The Process of Getting an Agent
Several people have asked me lately how the process of getting an agent works. Not from the writer perspective, but from my perspective. It varies from agent to agent, but here’s an approximation of how it looks if you submit to me.
You send a query. It sits in my inbox until I get to it.
Eventually I read it and make a decision as to whether I think it might be right for me to represent. If not, I send a “thanks but no thanks” letter. If I’m interested, I send a request for a proposal and/or a partial.
You send your requested materials, and again it sits in my inbox until it gets to the top of the queue. Sometimes this takes awhile. Finally I read your partial. Again I make a decision.
If I don’t think it’s going to work, I send a pass letter. If it shows potential, I request the entire manuscript (if it’s fiction) and possibly more information about you so I can get a good handle on platform. Since reading a manuscript is a serious investment in time, I only request more if the potential is very strong.
I’ll read and evaluate the manuscript and additional information. Is your writing professional level? I’ll study the marketplace and try to ascertain where your projects fits. I’ll determine if it fills a need, or if the market is already saturated with the topic. I’ll decide if I personally can get behind it; I’ll evaluate whether I think I have the right publishing contacts to get this book sold.
This is the hardest part of the process for me, because if I say “yes” and offer representation, it will be a big commitment on both our parts. It takes time to make this decision; usually much longer than is comfortable for you. You’re getting impatient by now.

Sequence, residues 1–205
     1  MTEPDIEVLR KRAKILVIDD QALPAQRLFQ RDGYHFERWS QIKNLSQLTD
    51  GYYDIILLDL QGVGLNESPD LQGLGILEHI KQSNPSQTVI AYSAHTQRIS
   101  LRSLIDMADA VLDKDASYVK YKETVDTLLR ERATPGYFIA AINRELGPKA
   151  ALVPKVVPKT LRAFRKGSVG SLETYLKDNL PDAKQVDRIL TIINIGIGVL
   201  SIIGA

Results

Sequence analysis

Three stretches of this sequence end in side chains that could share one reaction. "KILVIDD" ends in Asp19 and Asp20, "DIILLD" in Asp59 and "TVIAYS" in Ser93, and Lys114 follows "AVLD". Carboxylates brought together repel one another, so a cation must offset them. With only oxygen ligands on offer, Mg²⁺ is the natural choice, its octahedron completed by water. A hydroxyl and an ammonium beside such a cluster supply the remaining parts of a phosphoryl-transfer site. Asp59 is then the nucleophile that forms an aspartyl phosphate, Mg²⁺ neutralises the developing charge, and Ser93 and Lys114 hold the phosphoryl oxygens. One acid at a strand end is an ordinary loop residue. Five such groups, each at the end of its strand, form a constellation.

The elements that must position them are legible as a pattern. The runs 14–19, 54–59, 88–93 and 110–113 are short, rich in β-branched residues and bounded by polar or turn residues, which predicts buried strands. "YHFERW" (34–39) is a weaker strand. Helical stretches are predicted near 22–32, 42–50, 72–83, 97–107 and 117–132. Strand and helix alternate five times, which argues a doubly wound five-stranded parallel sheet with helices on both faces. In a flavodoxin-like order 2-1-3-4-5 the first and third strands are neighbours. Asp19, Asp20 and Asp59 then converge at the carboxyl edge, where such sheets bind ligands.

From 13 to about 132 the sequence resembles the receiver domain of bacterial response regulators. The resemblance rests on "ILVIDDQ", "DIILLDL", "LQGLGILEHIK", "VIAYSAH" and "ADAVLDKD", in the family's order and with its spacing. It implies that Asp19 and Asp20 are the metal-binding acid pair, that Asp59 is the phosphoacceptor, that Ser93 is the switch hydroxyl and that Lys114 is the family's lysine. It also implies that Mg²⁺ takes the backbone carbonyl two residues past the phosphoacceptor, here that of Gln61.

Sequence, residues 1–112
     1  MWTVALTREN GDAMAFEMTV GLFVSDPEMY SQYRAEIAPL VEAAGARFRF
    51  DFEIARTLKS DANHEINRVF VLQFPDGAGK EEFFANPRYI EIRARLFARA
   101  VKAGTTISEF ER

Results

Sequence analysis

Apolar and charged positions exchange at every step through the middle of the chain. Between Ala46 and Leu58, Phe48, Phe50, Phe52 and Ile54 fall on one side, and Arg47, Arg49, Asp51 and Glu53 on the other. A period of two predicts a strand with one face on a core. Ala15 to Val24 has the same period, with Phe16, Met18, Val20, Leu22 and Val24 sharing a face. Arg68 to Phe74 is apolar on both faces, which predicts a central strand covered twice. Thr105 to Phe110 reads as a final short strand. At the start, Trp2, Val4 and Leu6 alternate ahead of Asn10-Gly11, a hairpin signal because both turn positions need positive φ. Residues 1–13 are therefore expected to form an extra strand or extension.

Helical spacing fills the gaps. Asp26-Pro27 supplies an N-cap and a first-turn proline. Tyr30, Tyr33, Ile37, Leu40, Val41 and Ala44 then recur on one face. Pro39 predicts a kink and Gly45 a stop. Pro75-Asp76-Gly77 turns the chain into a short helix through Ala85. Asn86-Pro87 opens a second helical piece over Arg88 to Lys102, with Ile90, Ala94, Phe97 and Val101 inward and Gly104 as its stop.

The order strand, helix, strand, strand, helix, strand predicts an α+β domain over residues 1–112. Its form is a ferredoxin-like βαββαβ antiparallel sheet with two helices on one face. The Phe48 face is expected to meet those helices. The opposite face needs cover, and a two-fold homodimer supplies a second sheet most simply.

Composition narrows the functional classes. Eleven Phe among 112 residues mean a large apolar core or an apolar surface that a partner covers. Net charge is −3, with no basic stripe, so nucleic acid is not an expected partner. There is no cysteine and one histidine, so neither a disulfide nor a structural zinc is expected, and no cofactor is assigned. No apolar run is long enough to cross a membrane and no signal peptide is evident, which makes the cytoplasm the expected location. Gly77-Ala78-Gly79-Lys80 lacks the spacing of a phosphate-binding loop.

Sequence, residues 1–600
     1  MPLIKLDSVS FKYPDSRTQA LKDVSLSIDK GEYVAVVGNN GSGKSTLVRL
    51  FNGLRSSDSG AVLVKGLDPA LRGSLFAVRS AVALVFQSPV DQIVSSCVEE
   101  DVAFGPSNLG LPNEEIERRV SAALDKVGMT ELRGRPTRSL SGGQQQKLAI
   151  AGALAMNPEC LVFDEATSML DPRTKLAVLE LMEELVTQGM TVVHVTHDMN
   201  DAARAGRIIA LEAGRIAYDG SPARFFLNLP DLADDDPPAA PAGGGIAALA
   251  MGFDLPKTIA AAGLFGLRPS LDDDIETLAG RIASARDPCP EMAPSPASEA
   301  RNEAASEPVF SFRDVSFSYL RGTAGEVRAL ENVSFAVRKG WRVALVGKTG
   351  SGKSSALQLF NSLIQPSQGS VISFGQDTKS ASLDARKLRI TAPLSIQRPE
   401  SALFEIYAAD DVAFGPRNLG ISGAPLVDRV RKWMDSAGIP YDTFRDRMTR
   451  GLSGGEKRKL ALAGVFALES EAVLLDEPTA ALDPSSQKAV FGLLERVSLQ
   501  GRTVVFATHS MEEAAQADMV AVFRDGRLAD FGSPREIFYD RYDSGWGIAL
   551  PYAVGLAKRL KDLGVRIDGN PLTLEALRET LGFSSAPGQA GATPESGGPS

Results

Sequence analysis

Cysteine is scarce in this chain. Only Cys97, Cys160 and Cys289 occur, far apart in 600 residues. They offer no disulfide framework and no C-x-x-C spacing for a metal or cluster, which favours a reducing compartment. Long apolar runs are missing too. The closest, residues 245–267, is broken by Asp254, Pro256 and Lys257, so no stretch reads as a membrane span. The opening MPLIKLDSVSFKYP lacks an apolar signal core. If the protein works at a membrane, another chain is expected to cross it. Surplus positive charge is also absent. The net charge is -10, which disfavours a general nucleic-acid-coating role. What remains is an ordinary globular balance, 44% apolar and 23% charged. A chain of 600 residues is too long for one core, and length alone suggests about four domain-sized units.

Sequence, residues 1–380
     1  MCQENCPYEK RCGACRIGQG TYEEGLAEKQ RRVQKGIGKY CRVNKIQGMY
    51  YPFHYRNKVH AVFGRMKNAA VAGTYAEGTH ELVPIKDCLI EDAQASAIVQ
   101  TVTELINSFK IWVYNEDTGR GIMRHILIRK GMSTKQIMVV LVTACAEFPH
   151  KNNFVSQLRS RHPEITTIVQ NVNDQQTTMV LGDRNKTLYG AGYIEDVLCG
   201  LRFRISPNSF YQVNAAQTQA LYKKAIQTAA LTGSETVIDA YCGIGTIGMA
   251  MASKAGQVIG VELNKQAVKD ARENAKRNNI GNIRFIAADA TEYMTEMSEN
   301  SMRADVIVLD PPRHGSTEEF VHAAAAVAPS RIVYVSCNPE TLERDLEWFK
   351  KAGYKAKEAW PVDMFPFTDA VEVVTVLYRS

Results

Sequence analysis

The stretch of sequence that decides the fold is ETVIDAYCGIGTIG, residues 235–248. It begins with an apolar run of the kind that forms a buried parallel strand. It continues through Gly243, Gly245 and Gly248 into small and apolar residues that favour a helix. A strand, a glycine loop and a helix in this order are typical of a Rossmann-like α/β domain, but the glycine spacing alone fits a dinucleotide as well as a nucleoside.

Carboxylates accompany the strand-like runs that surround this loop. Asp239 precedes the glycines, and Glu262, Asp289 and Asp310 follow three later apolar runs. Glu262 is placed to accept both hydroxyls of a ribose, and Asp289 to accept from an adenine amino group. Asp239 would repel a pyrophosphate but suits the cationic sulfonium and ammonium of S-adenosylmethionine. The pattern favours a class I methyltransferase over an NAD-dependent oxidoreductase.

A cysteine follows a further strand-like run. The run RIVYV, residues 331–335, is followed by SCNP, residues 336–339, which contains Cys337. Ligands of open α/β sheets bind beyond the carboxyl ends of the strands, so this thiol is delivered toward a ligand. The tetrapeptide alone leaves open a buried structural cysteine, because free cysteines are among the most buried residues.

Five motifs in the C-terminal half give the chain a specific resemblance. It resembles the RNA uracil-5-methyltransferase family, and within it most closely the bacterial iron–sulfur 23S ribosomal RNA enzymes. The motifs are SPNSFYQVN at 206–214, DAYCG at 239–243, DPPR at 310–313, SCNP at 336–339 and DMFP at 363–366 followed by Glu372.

Eventually I’ll put you out of your misery (or add more, depending). I’ll either send you a very apologetic pass letter (obviously I liked your project and I’m probably disappointed that it’s not going to be a good fit for me) or I’m going to call you and offer representation.
During that phone call (or email exchange), we’ll discuss the project, the submission process and publishing process, and our ideas for moving forward. You’ll have the opportunity to ask all the questions you want. Then it will be YOUR turn to make a decision.
You’ll hang up the phone and think about it. Pray about it. Talk with your spouse or best friend about it. You want to make an informed and wise decision.
If you’ve sent your project to other agents, at this point you’ll want to let them know you have an offer of representation and ask if they’d like a chance to respond before you make a decision.
After all of this, OF COURSE you’ll call me and accept my offer of representation. (wink) We’ll talk about the Agency Agreement, and exchange contact information.
The next step will be editing and revisions to the proposal and manuscript. I’ll guide you through this process until I believe your materials are ready for submission. Meanwhile, I’ll be putting together the list of editors I plan to submit to, and I’ll be composing a killer pitch letter introducing your project.
When everything is ready, I may make some phone calls to editors, depending on the project. I’ll tell them about you and convey my excitement for the book. The next step is sending your proposal and manuscript to the editors I’ve targeted (via email). That’s the first-round submission process.
With hot projects, I might hear back from editors right away. Others will take longer. (Since the recession, this process has gotten even slower than usual.) How things progress from here varies depending on how much excitement your book is generating. A sale could happen within a few weeks (although this is less likely) or could take a few months or more.
Once we agree to accept an offer from a publisher, the work of negotiating your contract begins. I’ll do that… you can sit back and enjoy your glass of bubbly. For a little while anyway. Life’s going to get busier once you have that contract!